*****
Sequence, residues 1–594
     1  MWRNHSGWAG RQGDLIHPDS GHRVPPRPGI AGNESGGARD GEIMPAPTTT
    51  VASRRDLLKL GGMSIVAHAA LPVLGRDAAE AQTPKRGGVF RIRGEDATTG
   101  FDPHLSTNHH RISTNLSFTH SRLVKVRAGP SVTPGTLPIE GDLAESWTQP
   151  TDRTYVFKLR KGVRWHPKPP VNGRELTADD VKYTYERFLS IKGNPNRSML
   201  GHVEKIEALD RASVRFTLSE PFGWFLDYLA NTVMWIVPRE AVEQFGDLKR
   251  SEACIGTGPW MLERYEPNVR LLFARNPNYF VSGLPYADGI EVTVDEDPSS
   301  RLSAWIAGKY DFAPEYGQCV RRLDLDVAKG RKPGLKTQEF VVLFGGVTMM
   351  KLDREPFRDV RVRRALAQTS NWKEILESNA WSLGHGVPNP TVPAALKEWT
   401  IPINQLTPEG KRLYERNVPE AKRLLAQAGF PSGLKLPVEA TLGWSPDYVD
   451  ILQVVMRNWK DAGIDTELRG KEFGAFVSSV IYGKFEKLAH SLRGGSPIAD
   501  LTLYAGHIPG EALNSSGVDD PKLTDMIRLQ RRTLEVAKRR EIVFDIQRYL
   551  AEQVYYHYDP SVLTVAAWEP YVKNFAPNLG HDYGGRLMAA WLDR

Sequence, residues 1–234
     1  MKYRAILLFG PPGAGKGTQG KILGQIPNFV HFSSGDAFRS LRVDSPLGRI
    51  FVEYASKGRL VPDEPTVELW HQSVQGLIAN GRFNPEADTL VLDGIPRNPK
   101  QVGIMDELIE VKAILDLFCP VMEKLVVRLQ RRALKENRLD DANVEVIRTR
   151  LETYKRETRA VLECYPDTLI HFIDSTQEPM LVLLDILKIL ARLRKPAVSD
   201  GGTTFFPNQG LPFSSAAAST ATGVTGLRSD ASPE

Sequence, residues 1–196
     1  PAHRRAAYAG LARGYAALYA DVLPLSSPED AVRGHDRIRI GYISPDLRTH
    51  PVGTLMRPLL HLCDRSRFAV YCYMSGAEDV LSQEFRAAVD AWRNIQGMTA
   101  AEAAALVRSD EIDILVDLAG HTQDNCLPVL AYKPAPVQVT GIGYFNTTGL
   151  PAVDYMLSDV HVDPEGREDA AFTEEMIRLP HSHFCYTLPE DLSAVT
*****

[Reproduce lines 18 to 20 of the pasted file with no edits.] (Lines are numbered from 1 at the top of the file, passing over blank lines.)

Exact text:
   151  LETYKRETRA VLECYPDTLI HFIDSTQEPM LVLLDILKIL ARLRKPAVSD
   201  GGTTFFPNQG LPFSSAAAST ATGVTGLRSD ASPE

Sequence, residues 1–196